Let’s take a moment of silence in honor of the title of the new McLusky album. Look at it. Savor it. The Difference Between Me and You is That I’m Not on Fire. Their previous album, 2002’s amusingly-if-not-brilliantly titled McLusky Do Dallas, spent a good deal of time expressing the opinion that they were better than every other band — and this title seems to confirm it.
Tell people you love the name of McLusky’s new album. They won’t laugh. There will be a pause, where a hint of realization washes over their faces. Slowly, it will begin to dawn on them. “Oh my God,” they will say, “that is the best title I have ever heard in my life.” And they won’t be exaggerating. They will be stating a fact, like when all those guys stood up and said, “I am Spartacus,” ’cause even though they weren’t all actually Spartacus, they were speaking to the more universal truth that there is a Spartacus in all of us.
McLusky has clever titles; there is no doubt about it. “Without MSG I am Nothing,” “1956 and All That” and “Your Children are Waiting for You to Die” are just a few of the songs on their latest sneer of a record. They share their love of lengthy titles with the similar art-punk outfit Liars, but McLusky is certainly the more poppy of the two. Which is surprising, considering the more hardcore slant that the Welsh natives take in their sound: a scream or two here, a dark, thumping guitar riff there.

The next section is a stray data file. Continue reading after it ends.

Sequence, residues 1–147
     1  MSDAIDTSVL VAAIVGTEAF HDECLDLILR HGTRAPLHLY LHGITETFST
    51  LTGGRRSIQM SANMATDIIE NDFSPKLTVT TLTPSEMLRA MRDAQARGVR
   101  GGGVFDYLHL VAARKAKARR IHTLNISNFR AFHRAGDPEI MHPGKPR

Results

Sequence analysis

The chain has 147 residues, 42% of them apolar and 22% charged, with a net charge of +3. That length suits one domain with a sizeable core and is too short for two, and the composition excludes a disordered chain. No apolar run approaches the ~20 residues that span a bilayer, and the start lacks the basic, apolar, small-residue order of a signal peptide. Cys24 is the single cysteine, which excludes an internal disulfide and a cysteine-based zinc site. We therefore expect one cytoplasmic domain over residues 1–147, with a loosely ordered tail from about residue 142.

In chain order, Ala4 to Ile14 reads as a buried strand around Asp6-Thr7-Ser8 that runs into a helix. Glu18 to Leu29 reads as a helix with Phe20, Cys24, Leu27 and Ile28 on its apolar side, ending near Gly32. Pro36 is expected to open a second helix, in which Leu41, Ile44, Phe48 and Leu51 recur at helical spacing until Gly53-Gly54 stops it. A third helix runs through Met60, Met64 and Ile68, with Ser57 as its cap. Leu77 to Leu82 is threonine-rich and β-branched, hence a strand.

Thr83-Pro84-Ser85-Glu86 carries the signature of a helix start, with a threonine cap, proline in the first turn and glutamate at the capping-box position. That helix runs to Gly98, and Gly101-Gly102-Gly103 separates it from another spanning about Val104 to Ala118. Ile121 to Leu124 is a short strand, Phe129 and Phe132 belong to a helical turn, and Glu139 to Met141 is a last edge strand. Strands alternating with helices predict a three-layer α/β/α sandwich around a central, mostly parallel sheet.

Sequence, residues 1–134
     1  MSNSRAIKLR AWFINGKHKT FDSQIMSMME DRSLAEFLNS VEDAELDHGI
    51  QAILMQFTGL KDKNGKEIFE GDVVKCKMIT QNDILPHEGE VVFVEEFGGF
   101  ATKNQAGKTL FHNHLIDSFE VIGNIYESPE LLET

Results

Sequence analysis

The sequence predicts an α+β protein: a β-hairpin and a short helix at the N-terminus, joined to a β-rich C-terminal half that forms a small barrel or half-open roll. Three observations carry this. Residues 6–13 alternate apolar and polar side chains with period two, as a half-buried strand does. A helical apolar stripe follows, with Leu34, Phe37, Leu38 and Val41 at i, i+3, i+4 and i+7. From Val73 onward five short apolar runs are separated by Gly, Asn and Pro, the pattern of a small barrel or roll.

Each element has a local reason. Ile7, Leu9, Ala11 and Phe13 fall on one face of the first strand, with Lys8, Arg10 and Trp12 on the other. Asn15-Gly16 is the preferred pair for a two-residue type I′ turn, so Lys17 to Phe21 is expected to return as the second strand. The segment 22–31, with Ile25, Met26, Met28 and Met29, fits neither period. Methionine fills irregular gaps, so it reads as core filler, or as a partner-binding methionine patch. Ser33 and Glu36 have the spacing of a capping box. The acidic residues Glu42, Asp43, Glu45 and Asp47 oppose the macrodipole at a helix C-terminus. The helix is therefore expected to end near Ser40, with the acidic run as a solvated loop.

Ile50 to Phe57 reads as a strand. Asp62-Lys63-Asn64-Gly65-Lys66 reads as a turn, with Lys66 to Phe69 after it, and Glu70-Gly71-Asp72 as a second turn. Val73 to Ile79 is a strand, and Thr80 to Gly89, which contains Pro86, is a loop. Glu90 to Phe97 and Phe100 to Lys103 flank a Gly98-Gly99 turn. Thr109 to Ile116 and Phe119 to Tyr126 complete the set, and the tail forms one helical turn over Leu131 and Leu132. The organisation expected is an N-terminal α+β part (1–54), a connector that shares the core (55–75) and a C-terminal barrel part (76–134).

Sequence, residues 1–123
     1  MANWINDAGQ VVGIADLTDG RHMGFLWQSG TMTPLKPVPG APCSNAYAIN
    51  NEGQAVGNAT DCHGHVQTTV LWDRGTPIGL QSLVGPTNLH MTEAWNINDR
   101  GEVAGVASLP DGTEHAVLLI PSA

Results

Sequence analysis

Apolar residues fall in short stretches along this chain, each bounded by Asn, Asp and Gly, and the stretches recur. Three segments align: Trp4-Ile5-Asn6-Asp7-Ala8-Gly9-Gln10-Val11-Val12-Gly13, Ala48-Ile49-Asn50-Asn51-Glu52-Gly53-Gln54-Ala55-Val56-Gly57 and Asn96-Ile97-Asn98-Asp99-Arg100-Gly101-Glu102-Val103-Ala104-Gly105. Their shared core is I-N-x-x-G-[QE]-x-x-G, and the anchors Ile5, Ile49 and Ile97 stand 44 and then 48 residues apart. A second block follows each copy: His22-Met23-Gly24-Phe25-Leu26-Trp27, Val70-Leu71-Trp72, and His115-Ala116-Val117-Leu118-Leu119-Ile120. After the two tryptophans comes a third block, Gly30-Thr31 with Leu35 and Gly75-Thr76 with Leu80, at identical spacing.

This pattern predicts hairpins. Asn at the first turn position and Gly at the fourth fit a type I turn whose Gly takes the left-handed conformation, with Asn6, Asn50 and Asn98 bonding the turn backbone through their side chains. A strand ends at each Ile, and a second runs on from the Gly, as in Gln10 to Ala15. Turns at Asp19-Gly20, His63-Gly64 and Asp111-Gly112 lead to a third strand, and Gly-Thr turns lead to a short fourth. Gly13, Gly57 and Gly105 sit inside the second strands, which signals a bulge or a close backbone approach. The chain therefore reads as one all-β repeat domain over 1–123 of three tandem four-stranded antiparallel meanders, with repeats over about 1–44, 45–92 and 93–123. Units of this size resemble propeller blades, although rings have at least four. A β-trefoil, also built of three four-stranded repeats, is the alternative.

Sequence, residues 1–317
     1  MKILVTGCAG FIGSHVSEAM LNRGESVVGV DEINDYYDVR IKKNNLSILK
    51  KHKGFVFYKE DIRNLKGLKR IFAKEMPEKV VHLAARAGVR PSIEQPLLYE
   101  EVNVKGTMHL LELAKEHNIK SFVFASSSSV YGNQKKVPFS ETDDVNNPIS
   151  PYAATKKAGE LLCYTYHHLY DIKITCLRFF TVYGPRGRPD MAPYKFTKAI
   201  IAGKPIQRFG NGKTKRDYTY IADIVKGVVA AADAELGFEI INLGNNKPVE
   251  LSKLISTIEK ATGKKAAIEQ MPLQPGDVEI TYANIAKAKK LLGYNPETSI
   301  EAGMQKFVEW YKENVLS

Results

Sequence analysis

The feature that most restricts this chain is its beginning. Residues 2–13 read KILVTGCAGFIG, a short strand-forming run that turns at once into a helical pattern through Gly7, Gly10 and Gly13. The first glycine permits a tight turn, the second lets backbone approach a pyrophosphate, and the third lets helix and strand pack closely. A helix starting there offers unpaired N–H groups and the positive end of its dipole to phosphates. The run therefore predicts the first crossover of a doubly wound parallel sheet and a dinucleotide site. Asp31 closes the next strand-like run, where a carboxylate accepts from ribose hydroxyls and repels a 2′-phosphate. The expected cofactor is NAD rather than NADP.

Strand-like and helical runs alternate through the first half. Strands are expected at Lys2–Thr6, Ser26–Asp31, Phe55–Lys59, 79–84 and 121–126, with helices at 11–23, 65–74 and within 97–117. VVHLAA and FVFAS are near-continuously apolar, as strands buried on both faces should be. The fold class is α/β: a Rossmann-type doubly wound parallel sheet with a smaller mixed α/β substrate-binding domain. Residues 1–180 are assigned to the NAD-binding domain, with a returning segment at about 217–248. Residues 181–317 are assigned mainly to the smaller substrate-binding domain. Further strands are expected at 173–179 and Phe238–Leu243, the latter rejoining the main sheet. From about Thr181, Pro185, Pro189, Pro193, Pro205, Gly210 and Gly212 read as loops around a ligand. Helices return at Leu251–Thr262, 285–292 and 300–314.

But for all their bite, the band is mostly fascinated by melodies and hooks, best evidenced by “She Will Only Bring You Happiness,” the album’s best song. Carrying as many as three hooks, the song reaches a surreal high point two minutes in, when a three-track echo of “our old singer is a sex criminal” produces a sound not unlike pop heaven: lush, melodic and catchy as hell. As one of the softer songs on the album, it gives the band room to grow into a more diverse producer of solid Pixies-like rock.
The catchiness doesn’t stop when they bring the pain. The first song’s “everywhere I look is a darkness” refrain (along with the line “I get my MSG/ from digital TV”) and detached delivery meshes brilliantly with the guitar riff turned attack. But somewhere along the line the album loses its steam, and excellent numbers like “Kkkitchens, What Were You Thinking?” turn into generic hardcore like “Slay” and “Forget About Him, I’m Mint.” The former’s descending volume cutting out only to be blasted back to the top of the scale is done well, but seems trite after the cleverness of the rest of the album. It’s not enough to ruin what is most certainly an enjoyable listen, but it prevents The Difference Between You and Me from being the breakthrough that everyone knows McLusky is capable of.